Tea pluckers in Sri Lanka
Tea from Sri Lanka is immediately identifiable – bright, brisk, quenching, fruity - except for the fact that after gaining independence from the British, Sri Lanka still sells their teas under the old colonial name “Ceylon.” It proves that the idea of “brand management” goes back a lot further than modern management theory, but for the story of Ceylon tea we don’t have to go that far.
Up until the late nineteenth century, Ceylon was producing coffee, not tea. But the conversion began in 1869 when a parasitic fungus that attacked the coffee plants started spreading across the island. The former Dutch and now British occupiers had been experimenting with tea plants they brought to the island and the coffee blight prompted them to convert land to commercial tea production in place of coffee. British demand was so high for these new teas that by 1900 there were over 300,000 acres of tea planted on the tiny island.
Ceylon teas are noted for their “fruity” and brisk flavors, though this is not why you will often see the words “Orange Pekoe” on a package of Ceylon tea (the name has nothing to do with oranges – even more curious is that no one exactly knows how it got the name “Orange Pekoe”, though there are theories). Orange Pekoe or “OP” is in reference to the leaf grading system used in Ceylon teas (and other countries). In the most simple of definitions (and therefore not without inaccuracies) OP is the longer, whole leaf grade, and BOP – or “Broken Orange Pekoe” - is the broken or smaller leaf grade.
We could get very long-winded and annoyingly academic if we wanted to start listing all the nuances and exceptions within that definition, but it’s more important to note that the grading system is not necessarily a judgment on quality, but rather a categorization of size and appearance.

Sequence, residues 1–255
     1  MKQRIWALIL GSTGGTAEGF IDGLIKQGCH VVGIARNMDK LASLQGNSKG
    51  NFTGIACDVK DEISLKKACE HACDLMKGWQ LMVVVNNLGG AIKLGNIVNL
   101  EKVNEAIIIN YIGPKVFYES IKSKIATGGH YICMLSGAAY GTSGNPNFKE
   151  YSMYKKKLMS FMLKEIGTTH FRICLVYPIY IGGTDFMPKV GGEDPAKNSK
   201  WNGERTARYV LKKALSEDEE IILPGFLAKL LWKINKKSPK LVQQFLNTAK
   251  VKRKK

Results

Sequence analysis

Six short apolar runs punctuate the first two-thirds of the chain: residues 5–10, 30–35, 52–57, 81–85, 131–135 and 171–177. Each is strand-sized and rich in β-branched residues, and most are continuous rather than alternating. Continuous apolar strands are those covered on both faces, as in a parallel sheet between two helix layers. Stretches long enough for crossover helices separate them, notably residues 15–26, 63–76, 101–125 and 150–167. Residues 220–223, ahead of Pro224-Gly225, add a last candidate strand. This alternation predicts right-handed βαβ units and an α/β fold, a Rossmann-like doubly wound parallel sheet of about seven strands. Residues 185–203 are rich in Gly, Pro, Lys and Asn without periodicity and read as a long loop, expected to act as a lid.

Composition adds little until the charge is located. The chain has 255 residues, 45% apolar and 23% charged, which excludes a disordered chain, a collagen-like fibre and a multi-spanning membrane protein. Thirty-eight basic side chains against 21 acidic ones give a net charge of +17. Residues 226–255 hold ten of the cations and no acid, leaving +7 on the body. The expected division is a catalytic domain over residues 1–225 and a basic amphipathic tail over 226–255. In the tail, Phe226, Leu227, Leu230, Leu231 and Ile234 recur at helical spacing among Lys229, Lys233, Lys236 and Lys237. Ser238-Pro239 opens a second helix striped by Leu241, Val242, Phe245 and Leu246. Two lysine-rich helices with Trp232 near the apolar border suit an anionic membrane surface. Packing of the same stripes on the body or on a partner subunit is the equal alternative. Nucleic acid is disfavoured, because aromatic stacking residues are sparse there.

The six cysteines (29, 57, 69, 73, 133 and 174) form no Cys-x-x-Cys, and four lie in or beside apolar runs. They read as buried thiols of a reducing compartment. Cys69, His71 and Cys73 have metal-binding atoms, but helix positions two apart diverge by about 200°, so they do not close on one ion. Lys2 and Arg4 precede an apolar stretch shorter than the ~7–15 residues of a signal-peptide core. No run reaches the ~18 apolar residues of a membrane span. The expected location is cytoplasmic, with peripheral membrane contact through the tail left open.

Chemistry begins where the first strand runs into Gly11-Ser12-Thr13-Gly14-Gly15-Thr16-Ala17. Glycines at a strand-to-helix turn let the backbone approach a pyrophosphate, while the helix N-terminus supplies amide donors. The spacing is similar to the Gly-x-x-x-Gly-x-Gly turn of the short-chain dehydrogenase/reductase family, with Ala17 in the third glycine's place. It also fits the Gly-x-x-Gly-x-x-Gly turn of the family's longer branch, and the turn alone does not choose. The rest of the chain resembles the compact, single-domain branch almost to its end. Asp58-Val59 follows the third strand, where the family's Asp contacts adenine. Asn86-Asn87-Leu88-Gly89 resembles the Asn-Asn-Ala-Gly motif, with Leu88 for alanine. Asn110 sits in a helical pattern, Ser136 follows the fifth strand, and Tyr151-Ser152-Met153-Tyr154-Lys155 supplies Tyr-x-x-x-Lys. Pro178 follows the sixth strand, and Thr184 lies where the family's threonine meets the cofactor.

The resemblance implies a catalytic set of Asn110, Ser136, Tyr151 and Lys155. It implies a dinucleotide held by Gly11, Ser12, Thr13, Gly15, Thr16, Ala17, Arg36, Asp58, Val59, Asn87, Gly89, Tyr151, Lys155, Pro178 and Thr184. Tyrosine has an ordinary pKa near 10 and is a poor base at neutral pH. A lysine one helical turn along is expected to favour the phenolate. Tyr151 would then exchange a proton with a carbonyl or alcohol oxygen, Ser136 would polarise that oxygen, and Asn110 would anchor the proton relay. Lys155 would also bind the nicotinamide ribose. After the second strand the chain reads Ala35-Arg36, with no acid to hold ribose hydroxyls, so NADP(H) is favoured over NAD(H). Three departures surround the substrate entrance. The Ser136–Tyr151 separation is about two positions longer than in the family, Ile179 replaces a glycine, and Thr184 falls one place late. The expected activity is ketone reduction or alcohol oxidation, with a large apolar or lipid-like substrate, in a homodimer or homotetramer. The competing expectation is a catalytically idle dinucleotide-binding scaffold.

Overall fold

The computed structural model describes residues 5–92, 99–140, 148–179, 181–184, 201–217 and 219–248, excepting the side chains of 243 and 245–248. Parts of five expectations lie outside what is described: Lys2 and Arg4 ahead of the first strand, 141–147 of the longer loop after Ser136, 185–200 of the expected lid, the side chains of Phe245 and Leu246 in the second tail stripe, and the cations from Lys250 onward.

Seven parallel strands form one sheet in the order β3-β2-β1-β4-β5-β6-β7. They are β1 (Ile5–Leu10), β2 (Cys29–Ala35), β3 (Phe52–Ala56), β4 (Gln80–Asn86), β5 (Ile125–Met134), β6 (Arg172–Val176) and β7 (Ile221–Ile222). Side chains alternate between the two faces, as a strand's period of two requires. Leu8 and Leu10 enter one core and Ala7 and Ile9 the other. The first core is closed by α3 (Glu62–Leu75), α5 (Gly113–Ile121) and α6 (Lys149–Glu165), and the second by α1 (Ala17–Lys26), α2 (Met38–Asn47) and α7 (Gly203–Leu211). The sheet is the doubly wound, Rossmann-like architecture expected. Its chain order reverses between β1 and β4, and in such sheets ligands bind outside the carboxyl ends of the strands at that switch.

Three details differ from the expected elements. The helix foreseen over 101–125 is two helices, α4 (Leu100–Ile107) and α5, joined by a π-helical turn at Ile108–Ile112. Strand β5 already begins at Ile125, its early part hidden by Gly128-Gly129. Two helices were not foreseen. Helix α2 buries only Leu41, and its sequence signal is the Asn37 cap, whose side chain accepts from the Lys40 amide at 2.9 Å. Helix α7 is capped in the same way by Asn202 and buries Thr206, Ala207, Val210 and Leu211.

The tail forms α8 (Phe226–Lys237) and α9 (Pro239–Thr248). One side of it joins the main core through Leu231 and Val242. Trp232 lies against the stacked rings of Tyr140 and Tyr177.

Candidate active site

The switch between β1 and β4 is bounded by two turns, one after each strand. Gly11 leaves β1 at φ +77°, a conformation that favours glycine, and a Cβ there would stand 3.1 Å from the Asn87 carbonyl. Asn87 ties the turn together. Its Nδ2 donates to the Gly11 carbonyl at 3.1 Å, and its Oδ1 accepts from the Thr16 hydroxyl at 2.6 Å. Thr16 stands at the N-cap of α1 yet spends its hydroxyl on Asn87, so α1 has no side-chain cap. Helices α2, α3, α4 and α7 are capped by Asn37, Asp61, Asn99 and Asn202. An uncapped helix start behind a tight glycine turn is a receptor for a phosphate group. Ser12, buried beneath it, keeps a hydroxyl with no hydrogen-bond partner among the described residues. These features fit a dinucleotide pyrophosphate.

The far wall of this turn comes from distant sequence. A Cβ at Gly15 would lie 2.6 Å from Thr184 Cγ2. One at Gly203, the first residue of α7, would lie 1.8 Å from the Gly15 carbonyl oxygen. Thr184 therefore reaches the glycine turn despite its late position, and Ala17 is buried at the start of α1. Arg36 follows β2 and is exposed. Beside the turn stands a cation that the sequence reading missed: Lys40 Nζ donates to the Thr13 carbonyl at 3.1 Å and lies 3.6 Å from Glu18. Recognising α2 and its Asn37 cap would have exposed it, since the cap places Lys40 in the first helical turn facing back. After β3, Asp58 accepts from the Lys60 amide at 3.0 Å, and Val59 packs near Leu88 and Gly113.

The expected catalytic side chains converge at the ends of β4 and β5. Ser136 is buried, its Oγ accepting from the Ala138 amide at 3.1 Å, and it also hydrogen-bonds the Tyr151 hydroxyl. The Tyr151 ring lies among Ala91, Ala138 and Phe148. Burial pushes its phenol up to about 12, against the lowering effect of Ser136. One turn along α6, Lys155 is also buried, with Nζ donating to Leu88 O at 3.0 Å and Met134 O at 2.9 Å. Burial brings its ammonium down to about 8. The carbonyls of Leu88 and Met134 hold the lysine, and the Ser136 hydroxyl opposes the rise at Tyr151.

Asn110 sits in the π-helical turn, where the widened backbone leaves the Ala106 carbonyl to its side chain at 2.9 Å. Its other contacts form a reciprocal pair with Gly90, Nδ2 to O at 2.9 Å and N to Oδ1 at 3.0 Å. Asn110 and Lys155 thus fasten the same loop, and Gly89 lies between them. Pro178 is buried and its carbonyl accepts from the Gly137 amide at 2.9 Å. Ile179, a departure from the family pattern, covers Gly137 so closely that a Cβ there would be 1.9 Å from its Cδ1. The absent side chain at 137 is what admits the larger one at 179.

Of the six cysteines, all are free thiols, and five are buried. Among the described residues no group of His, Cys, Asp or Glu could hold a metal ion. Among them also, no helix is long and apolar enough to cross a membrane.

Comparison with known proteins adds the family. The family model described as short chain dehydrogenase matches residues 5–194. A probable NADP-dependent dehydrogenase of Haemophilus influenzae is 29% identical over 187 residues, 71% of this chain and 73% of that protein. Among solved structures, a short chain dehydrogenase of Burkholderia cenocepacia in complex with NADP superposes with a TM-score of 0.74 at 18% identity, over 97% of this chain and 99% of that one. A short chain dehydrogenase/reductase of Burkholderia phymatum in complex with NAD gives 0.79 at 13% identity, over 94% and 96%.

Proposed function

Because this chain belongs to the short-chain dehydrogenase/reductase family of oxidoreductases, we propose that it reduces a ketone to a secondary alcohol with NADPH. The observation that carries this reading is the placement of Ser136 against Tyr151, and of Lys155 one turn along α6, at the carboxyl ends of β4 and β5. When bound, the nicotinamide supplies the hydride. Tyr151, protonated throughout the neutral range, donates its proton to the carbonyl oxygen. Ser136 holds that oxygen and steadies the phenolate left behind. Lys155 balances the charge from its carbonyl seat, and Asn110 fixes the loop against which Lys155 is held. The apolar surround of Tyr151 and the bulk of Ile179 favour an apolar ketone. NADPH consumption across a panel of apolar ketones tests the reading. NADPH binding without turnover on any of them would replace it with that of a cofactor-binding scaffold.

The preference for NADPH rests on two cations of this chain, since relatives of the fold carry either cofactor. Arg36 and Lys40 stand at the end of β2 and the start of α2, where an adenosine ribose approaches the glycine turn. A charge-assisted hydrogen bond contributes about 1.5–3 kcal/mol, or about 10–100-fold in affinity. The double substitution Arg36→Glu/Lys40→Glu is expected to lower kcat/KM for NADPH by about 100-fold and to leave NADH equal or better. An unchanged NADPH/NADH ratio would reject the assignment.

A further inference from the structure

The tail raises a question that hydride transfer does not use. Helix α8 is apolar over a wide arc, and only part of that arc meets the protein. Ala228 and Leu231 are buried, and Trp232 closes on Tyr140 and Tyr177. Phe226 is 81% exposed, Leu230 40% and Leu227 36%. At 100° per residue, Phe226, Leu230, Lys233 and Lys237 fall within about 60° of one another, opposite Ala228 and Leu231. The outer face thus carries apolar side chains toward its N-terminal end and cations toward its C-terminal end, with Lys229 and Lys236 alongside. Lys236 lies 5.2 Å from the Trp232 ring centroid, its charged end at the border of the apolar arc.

Though it is tiny in size (approximately the size of West Virginia), Sri Lanka is the fourth largest tea producer in the world, at over 325,000 metric tons per year. Part of this is attributable to its warm, lush, tropical environment that prevents the bushes from going into dormancy. This allows the plants to be picked year round, with some areas experiencing fairly dramatic seasonal variation. Because of the year-round growth, Ceylon teas are not grouped into 1st or 2nd flushes like Indian teas nor have anything similar to the spring tea distinction in China. However, the plants are rested periodically by heavily pruning them back to maintain quality and longevity (the plants can stay productive for approximately 40 years, give or take depending on the region).
Though its tea history is relatively short, Sri Lanka is always singled out for its commitment to quality. In the 90’s and early 2000’s, Africa and even a significant portion of India focused on producing more tea instead of great tea. Sri Lanka resisted this trend. Ceylon black teas are consistently some of the finest in world and deserve the attention of anyone with even a casual interest tea.